Adapting to life with a spinal cord injury can be tough. You can expect to feel sad or angry at times or to grieve for your lost abilities. It is important to express these feelings so they don't keep you from moving ahead. Talk with family and friends, find a support group, or connect with others online. Talking to other people who have spinal cord injuries can be a big help.

It's hard to enjoy life if you have ongoing pain or depression. If you do, tell your doctor. There are medicines and other treatments that can help.

How can you plan for the future when you have a spinal cord injury (SCI)?

Today, with improved medical care and support, the outlook for people with an SCI is better than ever.

So it's important to plan ahead for your care and other life goals. If you plan to work, you have the same legal rights on the job as before your injury. People with an SCI who want to work are legally protected from discrimination by the Americans with Disabilities Act.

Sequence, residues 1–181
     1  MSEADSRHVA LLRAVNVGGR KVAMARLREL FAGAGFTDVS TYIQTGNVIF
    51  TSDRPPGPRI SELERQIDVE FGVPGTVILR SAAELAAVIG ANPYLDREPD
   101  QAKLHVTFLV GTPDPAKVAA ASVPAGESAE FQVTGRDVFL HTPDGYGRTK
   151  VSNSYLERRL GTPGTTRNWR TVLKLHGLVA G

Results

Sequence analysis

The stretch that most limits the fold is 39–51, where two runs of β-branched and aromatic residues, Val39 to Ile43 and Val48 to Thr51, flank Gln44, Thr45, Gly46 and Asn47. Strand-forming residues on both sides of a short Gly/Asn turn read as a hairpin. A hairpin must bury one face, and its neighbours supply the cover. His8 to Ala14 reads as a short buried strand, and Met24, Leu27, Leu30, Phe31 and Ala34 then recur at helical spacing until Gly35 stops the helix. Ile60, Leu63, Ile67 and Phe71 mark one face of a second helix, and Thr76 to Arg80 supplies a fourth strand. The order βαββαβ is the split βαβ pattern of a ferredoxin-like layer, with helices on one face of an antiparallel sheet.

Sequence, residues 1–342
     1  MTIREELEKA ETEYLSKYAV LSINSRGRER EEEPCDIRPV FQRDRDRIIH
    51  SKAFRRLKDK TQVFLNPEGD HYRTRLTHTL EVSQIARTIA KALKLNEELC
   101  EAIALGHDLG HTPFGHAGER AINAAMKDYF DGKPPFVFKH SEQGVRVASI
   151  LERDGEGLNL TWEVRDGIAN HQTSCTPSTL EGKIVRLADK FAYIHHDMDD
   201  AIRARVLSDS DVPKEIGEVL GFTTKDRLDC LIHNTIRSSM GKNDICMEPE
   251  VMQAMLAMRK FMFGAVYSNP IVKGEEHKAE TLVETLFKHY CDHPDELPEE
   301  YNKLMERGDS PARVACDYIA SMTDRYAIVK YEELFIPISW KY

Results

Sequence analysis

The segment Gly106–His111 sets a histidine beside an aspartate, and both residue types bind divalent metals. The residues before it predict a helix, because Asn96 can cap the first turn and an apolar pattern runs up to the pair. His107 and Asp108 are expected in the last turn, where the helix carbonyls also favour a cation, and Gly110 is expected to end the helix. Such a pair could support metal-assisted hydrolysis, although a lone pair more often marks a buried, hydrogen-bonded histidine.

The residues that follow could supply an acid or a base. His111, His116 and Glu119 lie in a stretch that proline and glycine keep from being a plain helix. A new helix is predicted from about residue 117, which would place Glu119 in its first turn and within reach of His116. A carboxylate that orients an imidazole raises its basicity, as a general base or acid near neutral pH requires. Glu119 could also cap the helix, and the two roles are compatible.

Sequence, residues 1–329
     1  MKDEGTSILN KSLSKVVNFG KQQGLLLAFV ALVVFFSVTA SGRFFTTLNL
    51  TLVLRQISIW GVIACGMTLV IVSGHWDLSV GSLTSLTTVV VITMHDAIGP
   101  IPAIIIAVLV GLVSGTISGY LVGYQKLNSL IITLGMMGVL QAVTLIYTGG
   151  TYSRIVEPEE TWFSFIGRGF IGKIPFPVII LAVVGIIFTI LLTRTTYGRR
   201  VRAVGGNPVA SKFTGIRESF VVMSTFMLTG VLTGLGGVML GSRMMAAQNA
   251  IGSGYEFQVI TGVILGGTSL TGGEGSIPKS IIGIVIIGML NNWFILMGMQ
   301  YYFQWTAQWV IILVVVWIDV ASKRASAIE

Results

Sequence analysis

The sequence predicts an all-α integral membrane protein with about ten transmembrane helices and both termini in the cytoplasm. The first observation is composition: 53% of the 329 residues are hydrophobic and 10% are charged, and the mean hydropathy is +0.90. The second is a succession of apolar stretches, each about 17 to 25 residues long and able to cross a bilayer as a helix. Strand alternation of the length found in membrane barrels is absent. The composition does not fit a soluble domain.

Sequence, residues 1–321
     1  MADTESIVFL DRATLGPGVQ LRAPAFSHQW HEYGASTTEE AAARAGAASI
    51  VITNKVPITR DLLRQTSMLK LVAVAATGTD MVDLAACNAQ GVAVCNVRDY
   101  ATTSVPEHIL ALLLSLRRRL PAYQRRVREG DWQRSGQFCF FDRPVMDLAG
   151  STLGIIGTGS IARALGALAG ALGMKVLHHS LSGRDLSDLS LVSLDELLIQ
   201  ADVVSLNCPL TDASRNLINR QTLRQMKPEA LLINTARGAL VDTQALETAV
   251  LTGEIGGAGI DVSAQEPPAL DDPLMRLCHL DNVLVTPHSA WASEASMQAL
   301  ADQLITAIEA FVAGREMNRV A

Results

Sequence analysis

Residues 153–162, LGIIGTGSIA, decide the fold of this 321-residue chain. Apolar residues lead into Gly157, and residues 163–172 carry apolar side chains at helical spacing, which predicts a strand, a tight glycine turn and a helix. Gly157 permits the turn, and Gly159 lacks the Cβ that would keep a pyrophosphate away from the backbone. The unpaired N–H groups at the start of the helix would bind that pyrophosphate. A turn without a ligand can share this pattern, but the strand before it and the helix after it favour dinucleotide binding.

Plan ahead for possible serious and life-threatening complications. You, your family, and your doctor should discuss what types of medical treatment you want if you have a sudden, life-threatening problem. You may want to create an advance directive. It allows you to state your wishes if you become unable to communicate.

How do strength and flexibility help you manage a spinal cord injury (SCI)?

Movement keeps your muscles strong and your joints flexible. When you have an SCI and can't move your muscles and joints easily, you may lose strength and some of your range of motion. This makes it harder to perform daily activities, such as getting dressed or moving from your wheelchair to other locations.

With exercise, you can keep or improve your flexibility. You can also reduce muscle spasticity. Exercise can also help prevent heart problems, diabetes, pressure injuries, pneumonia, high blood pressure, urinary tract infections, and weight problems.